Local Review: The Brobecks – Understanding The Brobecks

Local Music Reviews

The Brobecks (Whisperhawk remaster)
Understanding The Brobecks
Street: 04.04
The Brobecks (Whisperhawk remaster) = The B-52s + Two Door Cinema Club

Discovering the cult classic The Brobecks is, in my humble Contributing Writer opinion, a rite of passage for any burgeoning emo (please don’t come after me for the word choice) Utah teen. Though I was born a mere Zoomer and late to The Brobecks’ game, I remember it like it was yesterday, hearing a 10-second clip of squeaky lil’ baby Dallon Weekes belting out lyrics I would soon learn to be “Better Than Me” from the band’s 2009 album Violent Things. By then, it was 2014 and Weekes was on to bigger—and ultimately better—things like touring with Panic! At The Disco and forming his solo project IDKHOW (which would eventually lead to me disrupting stan Twitter over a certain word in a now-deleted SLUG tweet, my bad). 

In honor of Understanding The Brobecks turning 20 this year, Michael Gross, currently known as local darling Whisperhawk, personally remastered and re-released seven of the songs he wrote and lent his vocals to, on the album for our listening pleasure. Let me tell you right now,  this is one hell of a treat. Before you purists (which I normally tend to fall in line with) come at me, have a little listening party and tell me the remaster wasn’t warranted. I dare you. This is just what the themes Gross and company were trying to convey to us needed all those years ago. It feels like I’m fourteen again and discovering (or should I say understanding?) The Brobecks all over, just now in 4K. 

The remaster consists of seven tracks out of the album’s original 12. The stand out during my initial listen? “Creep You Out.”Am I biased because I love cross-dressing men and it was a teen Yonni favorite? Most definitely, though the remaster does make the song’s production stand out and shine like it was always meant to. The haunting melodica harmonizing with that acoustic guitar strumming scratches something just right in my tiny, smooth brain. “Bad reception everywhere I go / Misconceptions round my back door,” Gross whines as he addresses the ongoing theme of presenting one way yet feeling another. This theme can also be found on the lamenting track “Cowboy Song,” which is also present on this remaster, with lyrics like, “I hide behind these clothes / No one knows at all” and “It used to be okay but it’s getting worse / It used to be okay”.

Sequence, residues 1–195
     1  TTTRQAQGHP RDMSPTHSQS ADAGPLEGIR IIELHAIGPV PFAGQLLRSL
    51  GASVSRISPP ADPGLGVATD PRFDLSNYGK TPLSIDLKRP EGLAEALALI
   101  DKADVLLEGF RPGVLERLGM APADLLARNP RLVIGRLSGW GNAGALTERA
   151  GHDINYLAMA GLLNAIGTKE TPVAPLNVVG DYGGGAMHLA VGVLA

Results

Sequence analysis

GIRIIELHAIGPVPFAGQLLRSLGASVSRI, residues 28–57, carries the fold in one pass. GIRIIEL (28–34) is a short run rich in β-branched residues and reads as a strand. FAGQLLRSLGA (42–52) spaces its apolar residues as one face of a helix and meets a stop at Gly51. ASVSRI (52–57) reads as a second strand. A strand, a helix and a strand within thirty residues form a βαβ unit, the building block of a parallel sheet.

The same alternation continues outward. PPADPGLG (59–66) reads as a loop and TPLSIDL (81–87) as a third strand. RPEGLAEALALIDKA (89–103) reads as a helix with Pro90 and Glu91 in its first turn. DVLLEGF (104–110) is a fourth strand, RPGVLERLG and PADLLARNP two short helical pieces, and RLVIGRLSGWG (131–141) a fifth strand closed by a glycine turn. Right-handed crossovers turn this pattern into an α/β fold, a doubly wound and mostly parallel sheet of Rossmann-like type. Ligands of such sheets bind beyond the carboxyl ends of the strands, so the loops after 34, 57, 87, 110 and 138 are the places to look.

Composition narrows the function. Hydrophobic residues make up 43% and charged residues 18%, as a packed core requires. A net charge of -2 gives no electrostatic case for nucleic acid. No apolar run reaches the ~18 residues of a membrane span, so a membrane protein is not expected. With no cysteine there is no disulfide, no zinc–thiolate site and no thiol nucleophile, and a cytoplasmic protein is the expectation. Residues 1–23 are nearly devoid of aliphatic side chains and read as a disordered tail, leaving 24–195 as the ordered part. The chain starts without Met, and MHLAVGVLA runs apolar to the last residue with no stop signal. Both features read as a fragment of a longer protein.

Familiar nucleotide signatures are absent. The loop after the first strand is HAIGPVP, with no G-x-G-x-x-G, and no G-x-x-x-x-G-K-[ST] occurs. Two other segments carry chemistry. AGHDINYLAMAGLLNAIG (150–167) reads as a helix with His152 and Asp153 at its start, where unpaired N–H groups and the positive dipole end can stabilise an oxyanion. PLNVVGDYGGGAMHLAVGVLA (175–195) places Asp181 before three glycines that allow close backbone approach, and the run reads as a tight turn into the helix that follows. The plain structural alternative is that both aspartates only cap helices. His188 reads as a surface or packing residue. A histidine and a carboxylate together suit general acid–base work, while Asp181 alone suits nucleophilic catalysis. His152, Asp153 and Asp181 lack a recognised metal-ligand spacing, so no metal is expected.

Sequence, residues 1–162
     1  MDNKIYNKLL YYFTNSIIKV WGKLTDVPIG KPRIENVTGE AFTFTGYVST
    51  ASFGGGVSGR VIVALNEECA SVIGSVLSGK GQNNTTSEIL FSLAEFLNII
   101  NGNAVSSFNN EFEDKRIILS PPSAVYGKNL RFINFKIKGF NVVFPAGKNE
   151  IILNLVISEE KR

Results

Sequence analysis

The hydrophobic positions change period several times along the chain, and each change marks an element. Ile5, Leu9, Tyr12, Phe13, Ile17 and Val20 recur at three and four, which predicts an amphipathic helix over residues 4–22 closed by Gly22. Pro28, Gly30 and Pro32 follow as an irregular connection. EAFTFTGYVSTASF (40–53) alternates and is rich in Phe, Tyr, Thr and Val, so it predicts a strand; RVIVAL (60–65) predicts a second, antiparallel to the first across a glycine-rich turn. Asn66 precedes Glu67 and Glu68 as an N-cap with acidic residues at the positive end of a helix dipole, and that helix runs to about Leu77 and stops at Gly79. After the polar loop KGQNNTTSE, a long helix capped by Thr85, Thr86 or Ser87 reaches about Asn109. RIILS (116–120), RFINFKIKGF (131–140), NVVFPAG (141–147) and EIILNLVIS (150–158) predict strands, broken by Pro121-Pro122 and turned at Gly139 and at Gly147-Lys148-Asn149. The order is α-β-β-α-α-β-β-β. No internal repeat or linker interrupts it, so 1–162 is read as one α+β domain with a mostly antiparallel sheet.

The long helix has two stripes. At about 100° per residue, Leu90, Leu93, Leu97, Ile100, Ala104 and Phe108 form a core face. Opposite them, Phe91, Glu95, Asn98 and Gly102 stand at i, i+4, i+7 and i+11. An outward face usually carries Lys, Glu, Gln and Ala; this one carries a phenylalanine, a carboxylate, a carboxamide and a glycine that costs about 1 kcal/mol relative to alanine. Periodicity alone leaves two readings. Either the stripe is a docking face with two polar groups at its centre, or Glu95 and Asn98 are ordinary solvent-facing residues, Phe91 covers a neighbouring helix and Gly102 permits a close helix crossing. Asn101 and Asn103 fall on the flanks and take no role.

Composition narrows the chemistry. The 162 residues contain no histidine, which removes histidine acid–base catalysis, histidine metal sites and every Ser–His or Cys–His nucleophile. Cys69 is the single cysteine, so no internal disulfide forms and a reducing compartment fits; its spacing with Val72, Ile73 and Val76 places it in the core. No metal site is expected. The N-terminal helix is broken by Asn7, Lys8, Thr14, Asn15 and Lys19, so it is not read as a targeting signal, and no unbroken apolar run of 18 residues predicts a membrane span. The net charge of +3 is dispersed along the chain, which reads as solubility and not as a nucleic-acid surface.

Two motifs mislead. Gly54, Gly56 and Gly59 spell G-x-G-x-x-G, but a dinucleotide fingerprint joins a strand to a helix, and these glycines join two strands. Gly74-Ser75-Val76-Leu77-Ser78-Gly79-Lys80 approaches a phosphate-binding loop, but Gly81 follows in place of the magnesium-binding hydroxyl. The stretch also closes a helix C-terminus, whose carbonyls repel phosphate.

Tracks like “John Barnes” and “Downtown” also heavily benefited production-wise from Gross’ zhuzhing. Basslines and drum solos sound crisper and cleaner and make me appreciate them for more than just their relatable “emo” lyrics—ones that I most definitely reposted on Tumblr back in its heyday.

Now, not to soapbox preach at you, but The Brobecks were more than just a claim to fame for Utah. They were an example of what made being young fun while living in Mormonville, USA during the early 2000’s: good and pure local music that didn’t suck. It makes me yearn for a time I was too young to participate in, a time and a culture that almost seems lost. A time where what else was there to do other than get your friends together and express yourselves through whatever art you were making at the time. If you were good, you played shows in basements for your friends who then felt heard and seen through your art and shared it with their other friends. It’s what music (and most art in general) was made for. The Brobecks started out as a weekend hobby for young Weekes, Gross and Matt Glass, and they took it further than even they were probably expecting. It was like lightning in a bottle—something greedy capitalist labels and TikTok could never do. 

All that being said, do yourself a favor and take yourself on a trip down memory lane. Hell, maybe even burn it onto a CD and drive around listening to it in your old beat up 2002 Honda Civic if you’re really feeling a nostalgia craving. Regardless of how, give the remaster of, Understanding The Brobecks a listen and relish of your time (if you were conscious for it) back in the days of physical media and physical basement shows. You won’t be disappointed. –Yonni Uribe

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